Trade secrets exemptions discussion open to public

By Dave Ress

If you want to get a sense of where Virginia’s FOIA is headed, meetings of the state Freedom of Information Advisory Council can be very, um, educational.

They’re meeting this Monday, May 15, at 1:30 p.m. in House Room 1, in the state capitol.

At that meeting, the Council’s main work will be to consider clarifying what kinds of records provided by businesses to governments can be (but not must be!) shielded from public scrutiny. FOIA currently has 28 separate exemptions for such records, most of which give specific agencies the option to withhold much less specifically defined records.

Basically, the council is trying to define what trade secrets can be shielded and to take a crack at what “proprietary” records means as well.  The issue with the latter, as the Virginia Supreme Court has pointed out, is that proprietary means “belonging to.” It’s pretty vague, and therefore can used to apply to just about anything. And is. 

The council’s staff has proposed using a definition for trade secrets that is already in an entirely different section of the Code of Virginia. Their proposal won’t actually repeat the definition in FOIA (more’s the pity for those who may not have the while Code easily to hand. To save you the bother of looking it up, the definition is information that somebody makes an effort to keep secret because it is valuable (or potentially valuable” because is it isn’t generally known. It can include a formula, process, device. The Code of Virginia requires many words than that to describe a trade secret, but hey, it was written by lawyers.

The council’s staff have floated a definition of proprietary material as information “that has not been publicly disseminated or which is unavailable from other sources, the release of which may cause the creator or submitter of the  information competitive harm.” Perhaps this seems broad?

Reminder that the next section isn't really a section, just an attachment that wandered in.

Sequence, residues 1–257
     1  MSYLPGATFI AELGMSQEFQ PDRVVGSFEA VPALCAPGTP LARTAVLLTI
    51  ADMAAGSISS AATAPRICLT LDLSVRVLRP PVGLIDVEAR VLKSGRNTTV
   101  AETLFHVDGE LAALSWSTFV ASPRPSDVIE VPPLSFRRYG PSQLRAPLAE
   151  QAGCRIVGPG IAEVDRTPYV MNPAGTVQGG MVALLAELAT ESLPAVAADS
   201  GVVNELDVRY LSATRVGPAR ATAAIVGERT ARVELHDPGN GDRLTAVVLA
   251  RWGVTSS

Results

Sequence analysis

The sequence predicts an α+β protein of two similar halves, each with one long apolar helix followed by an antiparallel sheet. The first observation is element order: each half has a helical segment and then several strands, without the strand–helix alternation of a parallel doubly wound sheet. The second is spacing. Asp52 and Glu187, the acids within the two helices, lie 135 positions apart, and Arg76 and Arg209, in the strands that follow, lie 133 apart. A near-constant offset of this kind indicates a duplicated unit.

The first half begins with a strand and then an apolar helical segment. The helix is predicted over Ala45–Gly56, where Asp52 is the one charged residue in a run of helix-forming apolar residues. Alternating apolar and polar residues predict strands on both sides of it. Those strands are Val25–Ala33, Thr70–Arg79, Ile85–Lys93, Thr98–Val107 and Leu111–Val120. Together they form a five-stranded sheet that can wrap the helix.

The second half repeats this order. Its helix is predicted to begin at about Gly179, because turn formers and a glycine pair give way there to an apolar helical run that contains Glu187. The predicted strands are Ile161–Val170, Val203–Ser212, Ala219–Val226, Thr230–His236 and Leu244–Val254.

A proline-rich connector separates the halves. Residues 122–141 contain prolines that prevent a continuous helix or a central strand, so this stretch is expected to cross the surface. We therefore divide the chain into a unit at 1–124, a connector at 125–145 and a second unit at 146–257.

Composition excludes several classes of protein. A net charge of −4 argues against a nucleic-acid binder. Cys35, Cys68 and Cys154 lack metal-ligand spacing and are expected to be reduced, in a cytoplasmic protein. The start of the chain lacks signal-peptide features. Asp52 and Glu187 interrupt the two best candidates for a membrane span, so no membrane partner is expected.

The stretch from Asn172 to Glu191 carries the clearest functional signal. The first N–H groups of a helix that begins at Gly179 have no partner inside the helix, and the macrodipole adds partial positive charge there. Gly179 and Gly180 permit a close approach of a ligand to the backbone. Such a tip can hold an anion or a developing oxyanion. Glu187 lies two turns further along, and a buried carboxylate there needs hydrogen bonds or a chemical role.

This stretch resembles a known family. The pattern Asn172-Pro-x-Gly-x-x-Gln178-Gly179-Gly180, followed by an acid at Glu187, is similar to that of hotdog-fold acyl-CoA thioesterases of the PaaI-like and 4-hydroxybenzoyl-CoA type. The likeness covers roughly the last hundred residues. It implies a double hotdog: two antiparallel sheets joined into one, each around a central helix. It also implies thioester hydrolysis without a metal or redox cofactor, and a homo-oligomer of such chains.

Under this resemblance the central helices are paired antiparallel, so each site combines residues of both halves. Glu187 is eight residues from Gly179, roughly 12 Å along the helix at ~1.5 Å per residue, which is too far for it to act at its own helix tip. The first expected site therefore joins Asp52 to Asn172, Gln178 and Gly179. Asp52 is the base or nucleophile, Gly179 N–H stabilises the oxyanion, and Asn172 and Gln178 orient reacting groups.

One interesting feature of the staff’s trade secrets draft is to require a business to say it wants a trade secret to be shielded from FOIA requests and to say why. The government agency then has to say if it agrees that the information is a trade secret. That decision, of course, could always be challenged.

Defining proprietary information isn’t as easy as referring to another section of the Code of Virginia. One issue: The current language shielding a business’s financial records can be used to shield details about a public body’s financial commitment to a  project. Another is trying to set up an the same kind of “earmarking” procedure outlined for trade secrets.

There’ll be chances to comment on the drafts, which you can read here and here.

It could be a great opportunity for everyone – officials, citizens, legislators, journalists – to discuss what kind of records ought at times (not always!) be shielded from the public, and when records should always be open for inspection. 

You can also comment on other bills before the council, one of which requires every public body afford an opportunity for public comment during any open meeting and another of which allows the Tobacco Region Revitalization Commission to hold meetings through electronic communications means that shall not be required to be open to the public.

Hope to see you there!

Ress mug.jpg

Dave Ress covers state and regional issues for the Daily Press in Newport News. He’s worked for newspapers in Virginia and New Jersey as well as for Reuters in Canada, Britain and Africa. He is the author of Gov. Edward Coles and the Vote to Forbid Slavery in Illinois, 1823-1824 and has a PhD in history from the University of New England in Armidale, NSW, Australia.


Truth in the Field is a series of columns intended to encourage citizens' use of open government provisions. Contributors’ opinions are their own. For more information or to submit a column for potential publication, please contact the editor, Shelley Kimball, at

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